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From: Steve Harris <>
Subject: Re: Drugmakers not following up speedy approval-US study
Date: 3 Jun 2005 10:36:16 -0700
Message-ID: <>

Without knowing the mechanism for all cancers, obviously I can't give
you a complete answer.

At least SOME cancers are due to a gene mutation in a cell. It's NOT
present in all cells in that individual, or even all cells in that
tissue. It happens during replication in ONE cell, and it's somehow
conserved in the lineage of that cell. Often it takes MORE than one of
these events to trigger off a cancer (two or more somatic mutations),
but the concept is still the same--- not all cells in the parent tissue
have the cancer genetics.  Therefore, once you kill all the cells which
do, you go back to the original state of risk. Which may not be that
high. Indeed may be low enough to allow a reasonable probability that
the organism will make it to old age and die of something else before
cancer strikes in that tissue again.

Now, what constitutes the baseline risk?  Some of it is genetics of the
host, but not a lot. You have to work hard to find the increased
correlation in cancer risk between identical twins vs fraternal twins.
So don't imagine that what you're going to die of is written in your
DNA like some program. It isn't.

Some of the excess risk is environment. We all know about carcinogens
like cigarette smoke and chimney soot, and people often asssume that
all cancer risk which isn't genetic, some from mutagens and carcinogens
in the environment. Certainly if you've had lung cancer once and cure
it, you have an increase risk in the other lung if you continue to
smoke, and for many years, even if you quit. Colon cancer suffers
presumably also if they keep eating hot dogs (or whatever). That's why
people blame polution or food or something whenever their kids get
cancer. But population studies suggest that the environment is
responsible for no more than half the variation in cancer risk.

So what IS the rest due to?  Probably to some kind of roll of the dice
in cell division.  For years I used to do aging studies in rodents,
where the animals were all genetically essentially genetically
identical, identically housed side by side, and fed the same diet.  We
had no other variables left to control. And yet they all died of
different things. Some got lymphomas, some hepatomas, some lived to old
age with arthritis and died of pneumonia.  Every time we repeated the
experiment with the same strain we got the same percentages of the same
kinds of cancers, but we could never tell which animal was going to get
what. That says something.

There ARE events in cell division which are random. Indeed some are due
to straight quantum mechanical events like enol-keto form tautomersm in
cytidine.  And these DO cause mutations. So perhaps we're seeing the
basic quantum dice roll at the most fundamental level of the laws of
nature operate here.

Or not. Random processes in science are where we sweep up all the
things for which we can't identify causal markers. Not all my mice had
the same mothers, nor the same place in the uterous during gestation,
etc, etc.  The diets weren't PERFECTLY identical, and the radiation
environment from cosmic rays wasn't EACTLY the same for each animal,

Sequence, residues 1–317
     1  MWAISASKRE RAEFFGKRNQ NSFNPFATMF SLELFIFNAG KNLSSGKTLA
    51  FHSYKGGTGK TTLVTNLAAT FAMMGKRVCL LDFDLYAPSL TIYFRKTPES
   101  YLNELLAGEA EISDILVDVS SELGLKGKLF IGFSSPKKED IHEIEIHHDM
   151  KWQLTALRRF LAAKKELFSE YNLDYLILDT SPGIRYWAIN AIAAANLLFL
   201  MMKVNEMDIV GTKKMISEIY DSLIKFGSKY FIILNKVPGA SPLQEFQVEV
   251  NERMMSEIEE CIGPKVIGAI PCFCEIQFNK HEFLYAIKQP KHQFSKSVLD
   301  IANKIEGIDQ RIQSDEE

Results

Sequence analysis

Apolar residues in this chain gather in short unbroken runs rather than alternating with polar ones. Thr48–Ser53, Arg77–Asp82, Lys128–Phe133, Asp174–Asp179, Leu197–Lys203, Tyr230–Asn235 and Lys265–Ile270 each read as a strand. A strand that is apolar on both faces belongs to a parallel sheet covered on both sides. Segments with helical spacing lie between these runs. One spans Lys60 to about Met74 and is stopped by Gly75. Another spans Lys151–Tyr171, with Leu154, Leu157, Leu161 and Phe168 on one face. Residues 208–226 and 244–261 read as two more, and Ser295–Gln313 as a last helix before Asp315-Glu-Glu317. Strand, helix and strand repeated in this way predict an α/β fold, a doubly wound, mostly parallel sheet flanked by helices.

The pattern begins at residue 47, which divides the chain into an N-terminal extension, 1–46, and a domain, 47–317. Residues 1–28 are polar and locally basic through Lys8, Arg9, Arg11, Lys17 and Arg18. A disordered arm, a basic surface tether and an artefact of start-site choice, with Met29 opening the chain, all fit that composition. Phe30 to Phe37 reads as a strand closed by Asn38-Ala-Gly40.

and could never be, even for animal in the same cage. And so on.

Hope that helps. Bottom line is it's a risky world, and some of the
risk is in the deal of the cards where you can't get at it. Complain to
the Great Dealer about that. But not necessarily to your doctor or to
city hall.


From: "Steve Harris" <>
Subject: Re: A Vaccine for Cervical Cancer...?
Message-ID: <ExiD9.3454$>
Date: Fri, 22 Nov 2002 04:39:00 GMT

Wyle E. Coyote, M.D. wrote in message
>"Steve Harris" <> wrote in message
>> Carey Gregory wrote in message ...
>> >Coyotedave <> wrote:
>> >
>> >>Well , I not a doctor, but I find it hard to believe that a Virus
>> >>alone can cause Cancer in Humans,
>> >
>> >Well, so much for your opinions.
>> No kidding. If viruses cause cancers in animals (RSV, hepadnaviruses,
>> FeLV and so on) then why should it not be also the case with humans?
>> There's nothing special about our cells, or the way viruses attack
>> them.
>You mean like HIV (lymphoma) and hepatitis B (liver cancer)?
>All the best,

Yep. There are even family resemblances in viruses, so that a cancer causing
virus in animals causes the same kinds of cancers in people. The hepadna
viruses cause liver cancer in woodchucks, and hep B is a hepadnavirus of
humans. FeLV causes leukemia in house cats, and HTLVs, the human analogues,
cause leukemia in humans (though most human leukemias are not caused by this
virus). FIV predisposes to lymphoma in house cats, SIV to lymphoma in Asian
monkeys, and HIV to lymphoma in humans-- all are lentiviruses, a type of
retrovirus. Kaposi's sarcoma isn't a typical cancer, but it's certainly
caused by a virus: HHV-8, also known as KSV. This virus causes KS in people
immunosuppressed, as for transplant, or from infection by HIV.

And by the way, viruses aren't the only cancer causing infectious agents.
Cancer is a consequence of too rapid cell turnover, and this can be caused
by an irritative factor, including irritative infections. There's a very
clear association, which is no doubt causal, between gastric lymphoma and H.
pylori infection.

I welcome email from any being clever enough to fix my address. It's open
book.  A prize to the first spambot that passes my Turing test.

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